I’m rethinking my decision to wrap our banister in lights and garland this year. Sure it looks pretty, but when my kids touch it nearly every time they come down the stairs, that ain’t cool, people. That ain’t cool. Maybe I’ll have them wear gloves in the house? Or not. :P Next year I think we will only have lights on the tree in the house. Any other lighted decorations will be outside only. At least that will minimize our exposure a bit. I’m also trying to have my kids wash their hands whenever they handle any lights and cords this year (which is so much better than throwing them into a pile of lights, don’t you think?). ;) Live and learn and then learn some more.

While we’re on the subject of the holidays and learning, don’t forget that you can give your Facebook friends The Gift of Green this holiday season by checking out the One Million Acts of Green Facebook Application. The app allows you to pledge to complete an act of green and posts a cute e-card to your Facebook friend’s wall, perhaps inspiring them to complete an Act of Green too! No worries about lead with One Million Acts of Green. Just good clean, green fun. :)

Disclosure: Rockfish Interactive, in partnership with Cisco, is compensating me for my considerable time on this project. However, my ideas, words, and opinions are my own and are not influenced by this compensation. See what the other ambassadors have to say about One Million Acts of Green: Green and Clean MomGreen Your Décor and Condo Blues.

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12 thoughts on “Nothing says Merry Christmas quite like Lead Poisoning

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  3. Wow – I honestly didn’t know about lead in holiday lighting (or any string lighting for that matter). While I don’t yet have children, I do have a kitten that likes to eat just about anything. Luckily he hasn’t chewed many cords (just one) but I still can’t help but think that he often does play with them and has them in his mouth – maybe more so than a child may. I wonder what damage this is causing my kitty :(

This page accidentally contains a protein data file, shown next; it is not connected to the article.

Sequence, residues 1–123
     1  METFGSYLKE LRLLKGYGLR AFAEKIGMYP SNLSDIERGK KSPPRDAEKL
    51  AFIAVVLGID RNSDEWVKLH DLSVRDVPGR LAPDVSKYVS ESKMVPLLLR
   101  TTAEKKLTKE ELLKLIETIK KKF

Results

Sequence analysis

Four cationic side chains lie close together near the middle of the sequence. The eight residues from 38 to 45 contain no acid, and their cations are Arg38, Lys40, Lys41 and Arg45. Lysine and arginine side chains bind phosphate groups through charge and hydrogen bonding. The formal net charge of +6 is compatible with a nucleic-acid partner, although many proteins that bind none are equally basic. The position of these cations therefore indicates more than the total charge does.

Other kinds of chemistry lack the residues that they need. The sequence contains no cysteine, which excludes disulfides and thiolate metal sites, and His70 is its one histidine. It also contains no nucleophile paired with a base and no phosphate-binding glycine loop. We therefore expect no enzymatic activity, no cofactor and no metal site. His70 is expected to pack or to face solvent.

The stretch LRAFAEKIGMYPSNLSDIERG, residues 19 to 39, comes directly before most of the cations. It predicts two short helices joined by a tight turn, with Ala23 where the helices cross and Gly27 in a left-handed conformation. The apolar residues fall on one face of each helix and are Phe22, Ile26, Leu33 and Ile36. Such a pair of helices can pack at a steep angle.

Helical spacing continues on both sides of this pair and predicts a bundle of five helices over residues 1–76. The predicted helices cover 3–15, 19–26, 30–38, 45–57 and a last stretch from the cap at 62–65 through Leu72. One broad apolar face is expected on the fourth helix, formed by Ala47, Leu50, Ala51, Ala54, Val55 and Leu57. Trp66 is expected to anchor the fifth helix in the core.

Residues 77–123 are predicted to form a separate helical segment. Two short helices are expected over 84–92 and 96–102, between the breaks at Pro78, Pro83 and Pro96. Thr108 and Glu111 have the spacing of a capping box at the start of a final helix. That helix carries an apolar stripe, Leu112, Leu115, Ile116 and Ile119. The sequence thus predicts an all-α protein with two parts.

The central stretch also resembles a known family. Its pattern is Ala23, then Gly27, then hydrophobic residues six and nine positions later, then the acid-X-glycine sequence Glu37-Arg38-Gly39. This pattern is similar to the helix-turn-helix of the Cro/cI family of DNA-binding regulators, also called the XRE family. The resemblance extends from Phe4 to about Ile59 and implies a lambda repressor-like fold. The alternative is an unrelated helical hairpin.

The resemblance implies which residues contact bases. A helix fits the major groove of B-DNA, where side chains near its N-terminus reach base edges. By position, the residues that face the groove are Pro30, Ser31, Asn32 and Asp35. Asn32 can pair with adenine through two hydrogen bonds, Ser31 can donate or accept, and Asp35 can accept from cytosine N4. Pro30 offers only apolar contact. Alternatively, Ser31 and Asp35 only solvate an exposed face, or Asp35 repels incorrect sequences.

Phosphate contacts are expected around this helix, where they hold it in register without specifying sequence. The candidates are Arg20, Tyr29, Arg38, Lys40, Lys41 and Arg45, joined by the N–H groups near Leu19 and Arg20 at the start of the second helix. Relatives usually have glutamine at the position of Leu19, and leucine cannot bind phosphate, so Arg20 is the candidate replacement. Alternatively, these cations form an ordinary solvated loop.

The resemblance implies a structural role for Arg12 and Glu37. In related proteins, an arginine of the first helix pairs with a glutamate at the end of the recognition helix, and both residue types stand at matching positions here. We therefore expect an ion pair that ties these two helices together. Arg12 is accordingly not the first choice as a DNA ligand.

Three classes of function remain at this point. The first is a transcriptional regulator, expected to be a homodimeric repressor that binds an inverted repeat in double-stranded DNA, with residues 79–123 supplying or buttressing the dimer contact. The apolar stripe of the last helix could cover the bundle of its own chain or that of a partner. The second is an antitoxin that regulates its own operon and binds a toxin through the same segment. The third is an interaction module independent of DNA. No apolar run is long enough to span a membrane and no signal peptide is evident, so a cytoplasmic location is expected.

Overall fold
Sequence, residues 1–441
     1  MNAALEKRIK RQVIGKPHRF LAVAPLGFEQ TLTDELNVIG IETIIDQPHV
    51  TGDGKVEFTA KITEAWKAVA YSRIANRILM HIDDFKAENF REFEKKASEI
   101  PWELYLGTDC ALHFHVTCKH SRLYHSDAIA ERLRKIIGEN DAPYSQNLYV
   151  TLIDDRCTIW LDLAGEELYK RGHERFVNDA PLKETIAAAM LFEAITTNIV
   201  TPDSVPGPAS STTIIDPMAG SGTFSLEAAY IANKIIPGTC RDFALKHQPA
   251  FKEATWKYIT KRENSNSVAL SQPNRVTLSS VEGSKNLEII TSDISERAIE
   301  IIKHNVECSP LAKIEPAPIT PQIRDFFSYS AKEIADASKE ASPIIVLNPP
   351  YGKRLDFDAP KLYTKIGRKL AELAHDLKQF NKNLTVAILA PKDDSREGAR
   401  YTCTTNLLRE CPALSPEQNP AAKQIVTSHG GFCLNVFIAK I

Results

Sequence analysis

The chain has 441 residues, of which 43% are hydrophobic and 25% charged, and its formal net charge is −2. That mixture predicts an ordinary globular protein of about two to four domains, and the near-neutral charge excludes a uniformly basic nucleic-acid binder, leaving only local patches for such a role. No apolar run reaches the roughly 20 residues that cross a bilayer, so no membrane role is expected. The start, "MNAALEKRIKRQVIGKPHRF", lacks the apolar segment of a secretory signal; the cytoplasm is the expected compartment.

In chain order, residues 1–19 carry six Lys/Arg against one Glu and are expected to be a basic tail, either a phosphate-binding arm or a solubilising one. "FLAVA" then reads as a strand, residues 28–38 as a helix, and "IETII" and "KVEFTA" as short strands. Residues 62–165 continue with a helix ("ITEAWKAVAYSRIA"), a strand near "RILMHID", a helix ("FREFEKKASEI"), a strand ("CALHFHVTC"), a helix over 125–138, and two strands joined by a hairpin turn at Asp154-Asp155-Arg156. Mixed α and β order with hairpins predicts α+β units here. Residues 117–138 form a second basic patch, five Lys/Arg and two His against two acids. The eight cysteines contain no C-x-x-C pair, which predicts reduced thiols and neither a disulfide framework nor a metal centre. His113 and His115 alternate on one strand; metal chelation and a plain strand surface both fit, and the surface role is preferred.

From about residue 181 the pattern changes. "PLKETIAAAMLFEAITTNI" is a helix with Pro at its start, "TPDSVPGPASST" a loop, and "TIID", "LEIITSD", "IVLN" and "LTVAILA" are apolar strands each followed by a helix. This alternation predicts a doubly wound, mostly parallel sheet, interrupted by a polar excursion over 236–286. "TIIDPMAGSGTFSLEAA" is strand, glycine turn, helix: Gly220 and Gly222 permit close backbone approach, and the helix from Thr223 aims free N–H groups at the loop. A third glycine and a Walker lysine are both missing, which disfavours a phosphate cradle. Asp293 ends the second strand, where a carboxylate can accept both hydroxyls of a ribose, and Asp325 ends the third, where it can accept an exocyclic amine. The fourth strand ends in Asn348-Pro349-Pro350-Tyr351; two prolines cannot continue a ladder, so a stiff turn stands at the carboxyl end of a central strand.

This year we’re not really having a Christmas so no lights – that and I’d like to upgrade to LED’s. I’ll definitely think more on this and try to find ones that are safer before purchasing!

  4. there is a place by me that delivers trees roots and all in a container and then they pick them back up after Christmas and replant them.

    You should look into this!

  5. “Live and learn and then learn some more.”

    This what we should all live by and as long as we do this we are never “crappy” parents even if we make mistakes.

    It is horrifying to think that the decorations we use can harm our wee ones. I am just glad there are more and more people that are aware and spreading the word! :)

  6. I was so torn on the tree for awhile. I grew up with real ones, but I just can’t get behind the idea of cutting down a living creature just so I can decorate my house. It seems wrong somehow. Besides if you use the same tree for 20+ years I imagine that’s probably better for the environment then cutting down a new one each year. And even if you bought potted ones to plant-where would you plant them all? Eventually you’d run out of space.

    Anyway, we ended up with a beautiful fake tree and I haven’t regretted it at all. Plus then you don’t have to tangle with all those lead filled light strands each year!

  7. Hi Amy,

    I’m new to your blog and just wanted to say that I love what you’re doing and the topics you are covering. We need many more people like you out there!

    Happy Holidays!